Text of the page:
Phil Chandler - The Barefoot Beekeeper Talks About Beekeeping And
Learning From Bees

If you have visited several of my beekeeping pages, you may have come across these videos, most of them featuring Phil Chandler, author of The Barefoot Beekeeper.

Phil is well-known in beekeeping, as an advocate of bee-friendly (or api-centric) beekeeping practice and natural beekeeping.

Phil has written a new book – Learning from Bees.  I caught up with Phil to ask him a few questions…..

BuzzAboutBees: What made you decide to write another book and how is this one different from the last?

Phil Chandler:  I wrote The Barefoot Beekeeper to challenge the status quo and propose a method of beekeeping that is both bee- and beekeeper-friendly: it is much less invasive for bees and doesn't require the beekeeper to be a weightlifter. My recent book, Learning From Bees, is more reflective - a collection of some of my thoughts about bees and beekeeping.

BuzzAboutBees:  How long have you kept bees?  Can you tell us a bit about your overall beekeeping experience?  I understand it includes time spent at the famous Buckfast Abbey, England?

Phil Chandler:  I started in 2000 with a couple of WBC hives - the type you see a lot in children's books, with stacked, sloped-sided sections - and couldn't understand why it was necessary to use such complicated equipment and invasive methods to keep bees. I began to investigate other hives and experimented with my own designs, eventually settling on a modified Kenyan-style top bar hive, which is still my favourite.

About five years later, I worked for a year at Buckfast Abbey to gain some practical experience of commercial beekeeping, which is not something I would want to do again.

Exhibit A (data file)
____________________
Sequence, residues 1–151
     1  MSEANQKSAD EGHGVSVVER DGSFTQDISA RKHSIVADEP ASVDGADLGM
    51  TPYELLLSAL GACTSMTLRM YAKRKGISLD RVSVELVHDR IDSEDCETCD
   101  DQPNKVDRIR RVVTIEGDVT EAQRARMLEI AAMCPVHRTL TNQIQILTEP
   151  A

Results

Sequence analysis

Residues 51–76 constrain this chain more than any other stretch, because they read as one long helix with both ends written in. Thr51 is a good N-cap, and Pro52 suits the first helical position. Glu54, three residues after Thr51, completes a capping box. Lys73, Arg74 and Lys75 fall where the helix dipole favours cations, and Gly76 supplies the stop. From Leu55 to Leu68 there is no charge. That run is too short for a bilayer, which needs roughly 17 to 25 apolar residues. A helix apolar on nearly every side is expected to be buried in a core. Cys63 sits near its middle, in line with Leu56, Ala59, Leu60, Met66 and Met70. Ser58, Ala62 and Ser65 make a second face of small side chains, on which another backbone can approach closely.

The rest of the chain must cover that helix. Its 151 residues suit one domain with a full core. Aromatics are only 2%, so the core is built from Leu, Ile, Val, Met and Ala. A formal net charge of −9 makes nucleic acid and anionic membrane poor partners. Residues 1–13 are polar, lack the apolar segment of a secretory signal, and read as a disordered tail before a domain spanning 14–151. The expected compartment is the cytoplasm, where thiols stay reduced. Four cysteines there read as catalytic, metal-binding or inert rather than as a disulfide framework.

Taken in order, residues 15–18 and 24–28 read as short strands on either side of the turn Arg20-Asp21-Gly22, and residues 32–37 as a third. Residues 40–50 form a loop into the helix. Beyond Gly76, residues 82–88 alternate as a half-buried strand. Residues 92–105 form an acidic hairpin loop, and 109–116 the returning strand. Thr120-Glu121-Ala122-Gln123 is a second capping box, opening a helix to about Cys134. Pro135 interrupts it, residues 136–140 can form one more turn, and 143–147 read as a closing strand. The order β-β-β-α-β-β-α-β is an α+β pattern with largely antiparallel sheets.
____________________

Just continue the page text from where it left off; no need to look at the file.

BuzzAboutBees:  You are not only an author, you are also a teacher and speaker, and have appeared on TV a few times.  You’ve set up Friends Of The Bees and Bee Friendly Zones.  Now I understand you are hob-knobbing with the Royals.  What’s all that about?

Phil Chandler:  I have been invited to teach at Highgrove, home of the Prince of Wales and the Duchess of Cornwall, which is quite an honour. We are offering a four-day course, spread over the beekeeping season, it started March 15th.

BuzzAboutBees:  Have your beekeeping practices changed significantly over the years, and if so, how? 

Phil Chandler:  Not much has changed - only refinements here and there - but I have virtually stopped using any treatments for Varroa. We need to allow bees to learn to deal with pests and not rely on medications - mostly this is about creating an environment inside the hive that they can control. 

BuzzAboutBees:  Which species of honey bee have you kept, and which do you prefer nowadays and why?

Phil Chandler:  All bees in my area are mongrels and because I rely on swarms to replace losses I just work with what turns up. Some are well adapted to local conditions and survive, while some do less well. When I was at the Abbey, there were still some true Buckfast colonies left, which were a pleasure to work with, but they don't breed true in the wild and out-crosses are often vicious, so there is always an element of unpredictability in our bees' temperament.

I would love to see the old British black bee make a comeback, but that would require the co-operation of a large number of beekeepers - which would be rather like herding cats.

BuzzAboutBees:  What is your most important bit of advice for new beekeepers?

Phil Chandler:  Do some reading and decide why and how you want to keep bees before buying anything. 

Get some hands-on experience to make sure you are temperamentally suited to keeping bees.

If your main motivation is providing a home for bees with some honey for family and friends, then a top bar hive will do the job and save you a good deal of money - especially if you can build your own


Find out more about Phil's new book and other books he has written.

Read about Natural Beekeeping.

Go from chat with Phil Chandler to Home Page

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